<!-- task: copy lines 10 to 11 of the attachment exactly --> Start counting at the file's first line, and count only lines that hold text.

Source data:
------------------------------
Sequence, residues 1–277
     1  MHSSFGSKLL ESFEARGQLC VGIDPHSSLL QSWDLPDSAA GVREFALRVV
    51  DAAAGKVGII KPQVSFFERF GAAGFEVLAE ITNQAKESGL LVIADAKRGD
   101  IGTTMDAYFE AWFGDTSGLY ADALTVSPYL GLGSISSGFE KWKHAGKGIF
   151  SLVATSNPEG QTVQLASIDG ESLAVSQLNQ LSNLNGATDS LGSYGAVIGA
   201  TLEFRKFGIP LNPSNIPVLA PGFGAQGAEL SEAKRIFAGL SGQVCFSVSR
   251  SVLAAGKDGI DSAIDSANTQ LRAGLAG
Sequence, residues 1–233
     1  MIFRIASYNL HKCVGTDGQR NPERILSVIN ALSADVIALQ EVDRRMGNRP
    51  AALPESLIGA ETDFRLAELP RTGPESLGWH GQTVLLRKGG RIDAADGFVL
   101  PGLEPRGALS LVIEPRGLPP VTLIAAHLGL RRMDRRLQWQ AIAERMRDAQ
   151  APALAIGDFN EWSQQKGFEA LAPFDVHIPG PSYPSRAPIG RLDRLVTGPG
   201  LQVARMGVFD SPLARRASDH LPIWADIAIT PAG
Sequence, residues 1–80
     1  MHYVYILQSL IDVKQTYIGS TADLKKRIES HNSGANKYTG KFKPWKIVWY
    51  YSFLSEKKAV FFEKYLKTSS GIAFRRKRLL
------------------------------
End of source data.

    51  AALPESLIGA ETDFRLAELP RTGPESLGWH GQTVLLRKGG RIDAADGFVL
   101  PGLEPRGALS LVIEPRGLPP VTLIAAHLGL RRMDRRLQWQ AIAERMRDAQ